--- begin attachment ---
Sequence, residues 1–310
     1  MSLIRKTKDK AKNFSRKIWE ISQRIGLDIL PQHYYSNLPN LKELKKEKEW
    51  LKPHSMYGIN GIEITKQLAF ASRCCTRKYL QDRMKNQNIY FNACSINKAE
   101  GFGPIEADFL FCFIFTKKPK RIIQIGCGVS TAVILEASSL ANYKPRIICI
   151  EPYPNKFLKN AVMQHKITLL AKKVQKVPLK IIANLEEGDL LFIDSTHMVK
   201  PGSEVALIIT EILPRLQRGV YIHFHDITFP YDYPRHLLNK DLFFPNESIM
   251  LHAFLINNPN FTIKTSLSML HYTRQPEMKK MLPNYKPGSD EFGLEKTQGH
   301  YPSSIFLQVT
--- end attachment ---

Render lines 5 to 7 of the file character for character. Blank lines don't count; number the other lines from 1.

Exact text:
   151  EPYPNKFLKN AVMQHKITLL AKKVQKVPLK IIANLEEGDL LFIDSTHMVK
   201  PGSEVALIIT EILPRLQRGV YIHFHDITFP YDYPRHLLNK DLFFPNESIM
   251  LHAFLINNPN FTIKTSLSML HYTRQPEMKK MLPNYKPGSD EFGLEKTQGH